Karl Fogel wrote:
> Greg Stein <gstein_at_gmail.com> writes:
>> Hmm. I figured that with the "add follows" flag, then you could know
>> to avoid dual-notifications, and just wait for the add. But yah...
>> then you'd need to remember (at add time) that a delete had happened.
>> More cross-call state.
>> Adding a flag to the add calls should work. Tho I hate the "replace"
>> terminology. Maybe "overwrite=TRUE" is better? (and, of course,
>> failure if you're trying to overwrite, and nothing is there)
>> Bikeshed. But yah. Extending the add calls sounds better. Thanks!
> I know I'm sort of chiming in from the late Jurassic here, but:
> While +1 on 'replace' as a single operation in editor v2, I think it's
> important that the editor call sequence match up the working-copy
> metadata. In other words, if someone replaces 'foo' with 'bar' in their
> working copy...
> $ svn rm foo
> $ svn mv bar foo
> ...then the working copy (v2) metadata should clearly indicate on both
> sides that it's a replacement, and when the editor call happens, it
> should record (also on both sides) that the local state has now been
> "satisfied" by the editor.
> This could be a little tricky, because you don't know which side you'll
> encounter first in a commit or update crawl. I guess what I'm saying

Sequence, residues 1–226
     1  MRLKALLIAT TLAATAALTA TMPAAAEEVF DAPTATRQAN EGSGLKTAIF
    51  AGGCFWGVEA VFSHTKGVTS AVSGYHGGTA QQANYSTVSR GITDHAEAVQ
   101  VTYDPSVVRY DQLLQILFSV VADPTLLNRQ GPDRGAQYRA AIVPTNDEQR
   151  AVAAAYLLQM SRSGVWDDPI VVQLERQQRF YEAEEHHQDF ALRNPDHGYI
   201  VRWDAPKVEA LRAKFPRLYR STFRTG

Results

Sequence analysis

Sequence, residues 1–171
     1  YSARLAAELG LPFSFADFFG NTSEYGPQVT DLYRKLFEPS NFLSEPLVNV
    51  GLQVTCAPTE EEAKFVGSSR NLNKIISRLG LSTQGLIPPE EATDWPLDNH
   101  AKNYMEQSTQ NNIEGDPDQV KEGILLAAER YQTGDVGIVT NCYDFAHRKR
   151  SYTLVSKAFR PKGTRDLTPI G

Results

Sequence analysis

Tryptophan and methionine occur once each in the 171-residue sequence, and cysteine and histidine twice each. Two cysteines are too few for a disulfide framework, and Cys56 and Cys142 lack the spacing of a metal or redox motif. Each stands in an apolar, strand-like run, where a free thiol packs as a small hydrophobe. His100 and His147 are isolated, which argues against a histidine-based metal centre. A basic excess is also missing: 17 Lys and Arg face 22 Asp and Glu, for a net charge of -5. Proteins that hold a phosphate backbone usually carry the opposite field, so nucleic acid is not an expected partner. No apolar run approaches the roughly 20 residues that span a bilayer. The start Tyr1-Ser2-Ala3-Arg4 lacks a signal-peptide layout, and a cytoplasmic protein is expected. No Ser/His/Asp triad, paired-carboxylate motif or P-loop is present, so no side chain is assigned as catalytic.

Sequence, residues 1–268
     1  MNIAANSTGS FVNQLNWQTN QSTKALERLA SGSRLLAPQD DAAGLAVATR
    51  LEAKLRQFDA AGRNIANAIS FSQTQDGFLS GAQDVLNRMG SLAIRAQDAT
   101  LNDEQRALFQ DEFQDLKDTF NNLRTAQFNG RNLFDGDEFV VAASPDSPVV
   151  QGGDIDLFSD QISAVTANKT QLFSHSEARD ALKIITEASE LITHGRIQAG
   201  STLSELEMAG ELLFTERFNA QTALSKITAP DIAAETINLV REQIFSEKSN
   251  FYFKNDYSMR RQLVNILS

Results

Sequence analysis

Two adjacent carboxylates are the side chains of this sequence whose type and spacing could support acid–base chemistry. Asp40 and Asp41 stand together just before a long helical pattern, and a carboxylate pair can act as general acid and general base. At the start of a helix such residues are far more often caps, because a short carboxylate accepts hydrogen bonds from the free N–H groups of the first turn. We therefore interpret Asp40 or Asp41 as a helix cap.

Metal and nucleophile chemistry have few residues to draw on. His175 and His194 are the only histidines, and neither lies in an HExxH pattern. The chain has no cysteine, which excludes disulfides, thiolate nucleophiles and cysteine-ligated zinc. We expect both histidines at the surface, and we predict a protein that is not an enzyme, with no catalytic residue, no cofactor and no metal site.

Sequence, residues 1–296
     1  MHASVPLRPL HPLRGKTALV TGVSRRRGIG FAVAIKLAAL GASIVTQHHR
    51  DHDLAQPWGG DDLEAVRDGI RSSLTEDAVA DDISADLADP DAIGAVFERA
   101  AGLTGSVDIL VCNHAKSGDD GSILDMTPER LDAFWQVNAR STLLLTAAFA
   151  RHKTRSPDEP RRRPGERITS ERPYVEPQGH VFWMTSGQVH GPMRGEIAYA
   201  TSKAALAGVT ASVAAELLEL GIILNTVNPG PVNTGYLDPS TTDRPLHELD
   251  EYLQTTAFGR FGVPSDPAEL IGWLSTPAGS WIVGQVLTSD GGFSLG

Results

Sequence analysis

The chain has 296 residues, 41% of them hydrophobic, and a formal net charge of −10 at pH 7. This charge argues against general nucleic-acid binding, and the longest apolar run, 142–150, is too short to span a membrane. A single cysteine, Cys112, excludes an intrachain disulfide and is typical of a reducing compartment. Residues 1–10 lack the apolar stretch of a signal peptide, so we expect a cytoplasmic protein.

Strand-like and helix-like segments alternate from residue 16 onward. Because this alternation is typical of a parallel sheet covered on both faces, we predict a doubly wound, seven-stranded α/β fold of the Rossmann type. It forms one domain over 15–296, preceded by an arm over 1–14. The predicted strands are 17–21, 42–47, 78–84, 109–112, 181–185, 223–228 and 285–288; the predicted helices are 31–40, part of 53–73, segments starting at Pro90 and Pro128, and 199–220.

> is, encountering either side should be like encountering both, as far as
> the working copy is concerned: the single editor call should update both
> Is that too hand-wavy to be meaningful? Do you see what I'm getting at?
> (Or is this already taken for granted?)
as to the real-life consequences, I'm still mostly grey. Haven't dug a lot
of code about this. But I've seen the cases where the current callbacks just
don't work well. Let's philosophize:
Currently, combining separate editor calls to detect a replace has to be
implemented by each receiver that needs to know. Even if the driver has that
information right there, it still *has* to call delete() first, then add().
Adding an atomic replace to the editor callbacks puts the load of the
combining work on the driver. That's also the intention.
Actually, we don't necessarily force *every* driver to make a replace
atomic. I could imagine that some "editor pipe" in the code just agrees to
not use that replace flag and remain issuing delete() and add() separately.
Then again, I can't currently imagine a case where that first driver in the
line would not have the replace information ready to pick up.
If a callback receiver doesn't need the atomic replace, it will just call
its own delete() callback before doing the usual add() (given that add()
will receive an is_replace or similar flag).
Is that Go? :)
Received on 2009-06-14 00:52:26 CEST